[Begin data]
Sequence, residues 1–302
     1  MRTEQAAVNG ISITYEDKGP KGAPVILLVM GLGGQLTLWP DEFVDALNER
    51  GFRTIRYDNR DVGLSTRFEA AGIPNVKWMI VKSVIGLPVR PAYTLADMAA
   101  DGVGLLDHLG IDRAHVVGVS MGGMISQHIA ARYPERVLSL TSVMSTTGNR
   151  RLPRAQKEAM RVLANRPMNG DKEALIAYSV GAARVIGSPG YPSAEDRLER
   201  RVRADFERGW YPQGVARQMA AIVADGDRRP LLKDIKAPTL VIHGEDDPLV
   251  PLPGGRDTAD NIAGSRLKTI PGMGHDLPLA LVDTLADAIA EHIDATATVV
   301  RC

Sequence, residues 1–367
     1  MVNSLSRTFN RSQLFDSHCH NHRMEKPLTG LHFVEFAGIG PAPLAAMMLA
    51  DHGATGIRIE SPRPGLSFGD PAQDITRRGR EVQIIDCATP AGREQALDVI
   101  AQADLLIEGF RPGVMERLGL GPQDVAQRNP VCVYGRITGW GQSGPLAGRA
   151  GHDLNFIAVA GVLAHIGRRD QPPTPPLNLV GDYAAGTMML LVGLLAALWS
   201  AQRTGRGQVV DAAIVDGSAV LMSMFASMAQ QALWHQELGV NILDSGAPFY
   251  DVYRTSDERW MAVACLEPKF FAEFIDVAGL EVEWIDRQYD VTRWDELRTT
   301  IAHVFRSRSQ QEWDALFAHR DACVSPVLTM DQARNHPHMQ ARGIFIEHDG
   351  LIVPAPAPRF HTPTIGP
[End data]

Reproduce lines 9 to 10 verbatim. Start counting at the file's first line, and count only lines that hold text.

Sequence, residues 1–367
     1  MVNSLSRTFN RSQLFDSHCH NHRMEKPLTG LHFVEFAGIG PAPLAAMMLA